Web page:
Members Only | June 17, 2019 | Reading Time: 3 minutes

Does GOP Have a ‘Women Problem’?

It's an argument you hear so often it seems true.

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You hear the argument often.

All things being equal, the Republican Party is in trouble. It can’t or won’t diversify. Its appeal among women is abysmal. Meanwhile, racial demographic change is rapidly altering the Democratic Party. If the GOP does not change course soon, it’s toast.

To which I’m inclined to say: all things aren’t equal.

I was reminded of this argument after reading about Susan Brooks. She represents suburban Indianapolis. She’s one of the 13 women in the House Republican Conference. (There are eight Republican women in the Senate.) Brooks said she won’t run for reelection next year. A House minority is about to get more minor.

Her retirement set off questions familiar from the 2016 presidential election. How can the Republican Party hope to reflect the republic’s diversity when it rallies around a lying, thieving, philandering sadist? (Those are my words, obviously, but still.)

It requires two assumptions—that the parties are evenly matched and that elections are fair.

Brooks insists her exit has nothing to do with Donald Trump. She said she’s stepping down for personal reasons. Still, Trump won her district by a smaller margin than Mitt Romney did in 2012. Senate Democrat Joe Donnelly won it, too, despite losing statewide. For these reasons, her district is no longer considered safely Republican.

That Brooks is retiring and her district is getting pinker seem to underscore the idea that the GOP faces dim prospects. The party is getting older and whiter while the Democrats are getting younger and more multicultural. The more women leave, the more the GOP is boxed in, the thinking goes. But that thinking, I’d argue, requires two huge assumptions—that the parties are evenly matched and that elections are fair.

Allow me to address the two major constituencies with the most at stake in perpetuating this argument. They are the political press and the Democratic Party.

Reporters are professionally inclined to frame the parties equally. That way, they and their employers maintain the appearance of treating each party without fear or favor. But in framing them equally, reporters can end up distorting political reality.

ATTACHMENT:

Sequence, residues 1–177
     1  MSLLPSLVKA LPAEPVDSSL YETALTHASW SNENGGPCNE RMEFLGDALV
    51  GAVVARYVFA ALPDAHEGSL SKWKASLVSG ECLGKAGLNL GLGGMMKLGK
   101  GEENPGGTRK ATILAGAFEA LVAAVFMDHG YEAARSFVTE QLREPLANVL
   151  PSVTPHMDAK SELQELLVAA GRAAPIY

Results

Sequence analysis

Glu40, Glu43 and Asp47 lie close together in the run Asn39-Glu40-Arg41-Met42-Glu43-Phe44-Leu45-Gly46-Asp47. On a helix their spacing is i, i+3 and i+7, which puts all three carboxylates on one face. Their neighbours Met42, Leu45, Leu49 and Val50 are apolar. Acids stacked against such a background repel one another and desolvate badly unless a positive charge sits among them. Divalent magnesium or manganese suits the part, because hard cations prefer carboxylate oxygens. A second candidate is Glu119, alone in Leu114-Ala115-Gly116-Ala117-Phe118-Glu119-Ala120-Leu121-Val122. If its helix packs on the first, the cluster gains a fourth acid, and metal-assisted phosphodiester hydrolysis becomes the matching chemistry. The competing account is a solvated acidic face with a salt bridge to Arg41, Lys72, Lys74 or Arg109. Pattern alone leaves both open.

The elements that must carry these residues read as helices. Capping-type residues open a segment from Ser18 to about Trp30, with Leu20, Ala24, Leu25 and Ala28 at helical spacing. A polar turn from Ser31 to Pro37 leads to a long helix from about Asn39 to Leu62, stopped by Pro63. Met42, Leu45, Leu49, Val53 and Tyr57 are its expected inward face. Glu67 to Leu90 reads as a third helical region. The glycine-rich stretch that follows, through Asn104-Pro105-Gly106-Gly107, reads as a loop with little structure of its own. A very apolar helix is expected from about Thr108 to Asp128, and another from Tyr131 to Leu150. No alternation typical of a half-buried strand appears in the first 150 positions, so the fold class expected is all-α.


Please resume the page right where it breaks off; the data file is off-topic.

It’s true that the Democrats benefit from a changing electorate, but that doesn’t mean the Republicans must follow suit. Indeed, for at least a decade, the GOP has pursued an answer to racial demographic change: legally limiting access to the franchise.

Three rulings by the Supreme Court contract the franchise by privileging the GOP in federal elections. Understanding that should make clear all things are not equal. Understanding that should make clear the “women problem” is mostly hype.

The first is Citizens United. That decision permitted billionaires to spend virtually unlimited sums on campaigns. Best of all, it’s secret. By law, they do not have to identify themselves. They can buy candidates without the cost of public shame.

The second is Shelby. That ruling crippled the 1965 Voting Rights Act. States in the South and Midwest have since passed strict voter identification laws with the practical outcome being that voters of color are barred from the ballot box. Why worry about racial demographic change when you can mitigate the impact of demographic change? Why recruit people of color when they’d complain about disenfranchising voters?

The third is Janus. That decision is draining what little power remains in labor unions. The ruling outlawed collecting dues money from non-union workers whose jobs unions protect. Unions help Democrats in two ways. They are a powerful organizational tools for getting out the vote. They organizationally create bonds between people in spite of competing backgrounds. While solidarity and unity benefit the Democrats, fragmentation benefits the GOP. Janus is atomizing labor unions.

None of this is to mention the GOP’s efforts to prevent a majority of Americans from exercising self-rule. The party seeks to stop immigrants, even ones brought here as children, from becoming citizens who vote. It hopes to place a citizenship question on the next US Census form to undercut liberal states where unauthorized immigrants tend to live. And the party is prepared to block any and all legislation protecting federal elections from foreign attempts to undermine our national sovereignty.

Reporters tend to overlook the GOP’s anti-democratic agenda, because to include it in their newsgathering risks appearing partial toward the Democrats. (That would be the obvious outcome of reporting that the Republicans are limiting access to the franchise.) The Democrats understand reporters don’t want to hear about the GOP advantages or that federal elections aren’t fair. So people who speak for the Democrats talk about a future in which the GOP looks older, whiter and more out of touch.

That might make a different if all things were equal.

Thing is, they aren’t.

—John Stoehr

John Stoehr is the editor of the Editorial Board. He writes the daily edition. Find him @johnastoehr.

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